Hong Kong – Day 2

Michele’s overall impression of Hong Kong is that everything is so alive, mine is that everything is so modern and works so well. All the cars are new, the subway is BART plus 10 years, the buildings are new, the hotel we are in is new….with a view that shows how dense Kowloon is.

We started the day looking for a Starbucks or something. The Chinese breakfasts really looked unfamiliar. We ended up at a sort of French place where we had tea/coffee, scrambled eggs, and toast called egg mayo toast with egg –  sort of like eggs with eggs. But good eggs with eggs. After breakfast we went on a ATM hunt – the exchange rate is about 7 to 1 so you get HG$100 bills out of the ATM and they go very fast.

We spent the day sort of just wandering around Hong Kong gawking at the buildings and the people like the rubes we are. This is a huge tourist town and we are everywhere (I read somewhere that Paris is the biggest tourist town in the world with 35 million tourists a year, London second with 15 million, and Hong Kong third with 12 million.) By the end of the day, we had taken a ferry to Hong Kong island,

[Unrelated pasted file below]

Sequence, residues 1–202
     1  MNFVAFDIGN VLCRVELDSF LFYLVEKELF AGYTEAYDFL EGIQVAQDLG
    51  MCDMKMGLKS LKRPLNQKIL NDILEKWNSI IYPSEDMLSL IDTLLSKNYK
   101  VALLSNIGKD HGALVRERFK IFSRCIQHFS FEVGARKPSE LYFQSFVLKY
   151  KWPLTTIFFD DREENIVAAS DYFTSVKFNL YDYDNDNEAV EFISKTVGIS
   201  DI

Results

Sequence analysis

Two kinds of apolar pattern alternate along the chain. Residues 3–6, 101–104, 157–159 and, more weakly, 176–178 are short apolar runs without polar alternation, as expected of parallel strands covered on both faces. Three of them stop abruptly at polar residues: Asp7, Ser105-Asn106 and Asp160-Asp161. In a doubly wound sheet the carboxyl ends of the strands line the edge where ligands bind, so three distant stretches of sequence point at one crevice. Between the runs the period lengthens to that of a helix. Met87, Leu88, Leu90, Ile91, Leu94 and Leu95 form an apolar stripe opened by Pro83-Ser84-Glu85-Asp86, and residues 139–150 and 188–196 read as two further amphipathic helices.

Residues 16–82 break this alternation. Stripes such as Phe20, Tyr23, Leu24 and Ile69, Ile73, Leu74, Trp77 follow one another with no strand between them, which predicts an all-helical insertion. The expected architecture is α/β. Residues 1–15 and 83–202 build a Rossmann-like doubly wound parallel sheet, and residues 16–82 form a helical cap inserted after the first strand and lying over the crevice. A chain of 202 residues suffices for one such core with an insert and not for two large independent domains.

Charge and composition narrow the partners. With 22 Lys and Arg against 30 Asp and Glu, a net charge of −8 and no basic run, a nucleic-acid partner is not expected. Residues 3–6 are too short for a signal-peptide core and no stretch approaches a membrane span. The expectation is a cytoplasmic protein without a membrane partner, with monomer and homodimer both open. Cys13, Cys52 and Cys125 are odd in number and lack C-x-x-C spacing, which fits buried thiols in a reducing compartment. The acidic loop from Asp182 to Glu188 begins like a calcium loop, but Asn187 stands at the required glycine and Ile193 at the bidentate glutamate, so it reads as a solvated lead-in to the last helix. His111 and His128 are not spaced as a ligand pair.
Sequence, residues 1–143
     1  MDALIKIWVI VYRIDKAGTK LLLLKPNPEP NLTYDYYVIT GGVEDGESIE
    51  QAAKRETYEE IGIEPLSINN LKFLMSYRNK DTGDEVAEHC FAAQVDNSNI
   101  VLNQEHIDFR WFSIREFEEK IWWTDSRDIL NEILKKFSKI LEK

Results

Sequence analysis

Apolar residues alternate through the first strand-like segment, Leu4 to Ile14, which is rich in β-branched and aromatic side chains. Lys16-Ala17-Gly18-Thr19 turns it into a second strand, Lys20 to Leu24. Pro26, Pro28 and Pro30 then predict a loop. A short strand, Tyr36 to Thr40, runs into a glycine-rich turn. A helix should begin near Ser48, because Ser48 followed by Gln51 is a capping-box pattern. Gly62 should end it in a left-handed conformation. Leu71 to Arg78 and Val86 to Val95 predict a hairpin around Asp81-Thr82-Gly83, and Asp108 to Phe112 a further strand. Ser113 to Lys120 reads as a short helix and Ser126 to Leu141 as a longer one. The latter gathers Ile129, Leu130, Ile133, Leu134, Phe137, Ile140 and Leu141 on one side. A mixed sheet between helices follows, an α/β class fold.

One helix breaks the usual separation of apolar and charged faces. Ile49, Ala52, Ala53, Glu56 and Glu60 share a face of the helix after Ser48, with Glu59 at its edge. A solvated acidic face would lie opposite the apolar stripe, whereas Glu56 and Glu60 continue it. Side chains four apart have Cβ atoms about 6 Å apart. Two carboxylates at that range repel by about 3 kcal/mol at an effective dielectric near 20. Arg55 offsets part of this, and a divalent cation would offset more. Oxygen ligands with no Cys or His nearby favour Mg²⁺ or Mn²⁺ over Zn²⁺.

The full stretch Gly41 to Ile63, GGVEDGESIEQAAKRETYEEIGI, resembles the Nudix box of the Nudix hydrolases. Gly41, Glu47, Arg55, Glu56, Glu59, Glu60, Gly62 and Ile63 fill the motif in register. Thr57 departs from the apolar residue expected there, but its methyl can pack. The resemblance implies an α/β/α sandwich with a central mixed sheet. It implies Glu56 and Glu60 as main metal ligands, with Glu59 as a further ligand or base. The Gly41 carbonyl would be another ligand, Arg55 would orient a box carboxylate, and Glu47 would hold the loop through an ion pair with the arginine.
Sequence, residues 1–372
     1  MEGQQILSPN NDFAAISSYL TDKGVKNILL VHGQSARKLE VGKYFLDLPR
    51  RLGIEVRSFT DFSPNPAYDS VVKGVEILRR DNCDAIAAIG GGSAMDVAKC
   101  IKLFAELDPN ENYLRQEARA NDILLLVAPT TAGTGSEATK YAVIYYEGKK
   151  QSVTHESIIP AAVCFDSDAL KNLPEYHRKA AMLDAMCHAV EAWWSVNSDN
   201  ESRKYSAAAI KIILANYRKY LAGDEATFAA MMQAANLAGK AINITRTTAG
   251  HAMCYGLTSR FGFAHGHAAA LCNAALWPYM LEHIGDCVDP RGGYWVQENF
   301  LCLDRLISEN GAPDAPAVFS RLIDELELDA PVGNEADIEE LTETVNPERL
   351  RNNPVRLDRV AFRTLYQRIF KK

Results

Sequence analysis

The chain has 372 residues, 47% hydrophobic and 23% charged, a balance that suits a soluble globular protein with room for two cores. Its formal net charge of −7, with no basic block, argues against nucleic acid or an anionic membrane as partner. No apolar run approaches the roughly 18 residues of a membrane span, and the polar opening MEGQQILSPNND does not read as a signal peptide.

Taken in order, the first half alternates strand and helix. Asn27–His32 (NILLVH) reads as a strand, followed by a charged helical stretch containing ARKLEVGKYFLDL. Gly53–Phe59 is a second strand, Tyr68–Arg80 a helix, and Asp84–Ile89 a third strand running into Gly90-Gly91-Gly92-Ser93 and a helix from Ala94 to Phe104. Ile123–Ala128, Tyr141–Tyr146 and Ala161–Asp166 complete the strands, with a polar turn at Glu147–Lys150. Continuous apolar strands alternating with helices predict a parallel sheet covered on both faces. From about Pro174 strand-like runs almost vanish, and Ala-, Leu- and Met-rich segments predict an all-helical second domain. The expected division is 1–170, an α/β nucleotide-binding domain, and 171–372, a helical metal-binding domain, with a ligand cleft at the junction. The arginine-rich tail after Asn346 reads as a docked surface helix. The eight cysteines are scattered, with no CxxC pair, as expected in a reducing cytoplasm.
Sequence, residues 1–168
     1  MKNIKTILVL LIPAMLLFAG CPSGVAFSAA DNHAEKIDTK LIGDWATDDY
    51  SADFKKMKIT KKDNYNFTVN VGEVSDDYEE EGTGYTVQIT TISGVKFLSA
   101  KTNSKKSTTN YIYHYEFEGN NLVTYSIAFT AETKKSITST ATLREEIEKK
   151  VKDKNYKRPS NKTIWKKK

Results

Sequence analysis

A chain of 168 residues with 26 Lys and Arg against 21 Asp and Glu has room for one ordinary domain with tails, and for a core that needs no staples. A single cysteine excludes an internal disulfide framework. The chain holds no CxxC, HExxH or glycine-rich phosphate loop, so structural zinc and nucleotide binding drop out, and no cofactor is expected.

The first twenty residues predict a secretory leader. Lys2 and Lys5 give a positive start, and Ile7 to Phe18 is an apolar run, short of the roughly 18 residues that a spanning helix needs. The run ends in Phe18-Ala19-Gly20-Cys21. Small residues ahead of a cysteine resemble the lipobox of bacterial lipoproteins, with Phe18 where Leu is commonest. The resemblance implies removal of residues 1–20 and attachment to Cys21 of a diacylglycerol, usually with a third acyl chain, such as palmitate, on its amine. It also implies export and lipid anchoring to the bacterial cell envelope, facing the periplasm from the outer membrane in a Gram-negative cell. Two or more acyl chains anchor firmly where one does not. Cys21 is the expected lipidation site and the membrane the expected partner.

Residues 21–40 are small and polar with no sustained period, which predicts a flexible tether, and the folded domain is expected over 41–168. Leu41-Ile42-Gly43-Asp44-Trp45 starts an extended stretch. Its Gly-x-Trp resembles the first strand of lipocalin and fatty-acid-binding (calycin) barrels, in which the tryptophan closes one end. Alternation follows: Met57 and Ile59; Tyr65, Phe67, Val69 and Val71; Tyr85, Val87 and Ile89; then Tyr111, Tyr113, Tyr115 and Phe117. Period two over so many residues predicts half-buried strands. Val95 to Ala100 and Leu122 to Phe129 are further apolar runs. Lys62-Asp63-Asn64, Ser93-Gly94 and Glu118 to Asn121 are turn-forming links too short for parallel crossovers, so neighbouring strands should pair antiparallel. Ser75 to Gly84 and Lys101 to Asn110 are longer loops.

walked around the business district,


had lunch at a random restaurant,

taken an escalator up to the zoo which was not much of a zoo but a great escalator,



a tram to an overlook to watch the sunset, and the subway back to our hotel.

Everywhere, the natives seem young and hip – especially the girls (women?). The natives seem to be mostly Chinese, naturally, with a sprinkling of Brits. Lots of trendy stores that are familiar.Lots of sightseeing buses. And lots of tricked out vans, with drivers waiting in them, that seem to fill the eco-niche of limos.



Typical street scene downtown.


Everybody seems to love mirrored glass buildings.


Another street scene.


Michele trying to figure out how to get a ferry to Guizhou- we gave up and are going to take the train.


Did we mention that Hong Kong is dense? Very dense.


Hong Kong is definitely in the tropics and everything grows even better than in LA.


We came up here to watch the sunset which didn’t happen. Hong Kong just sort of faded into the merk.




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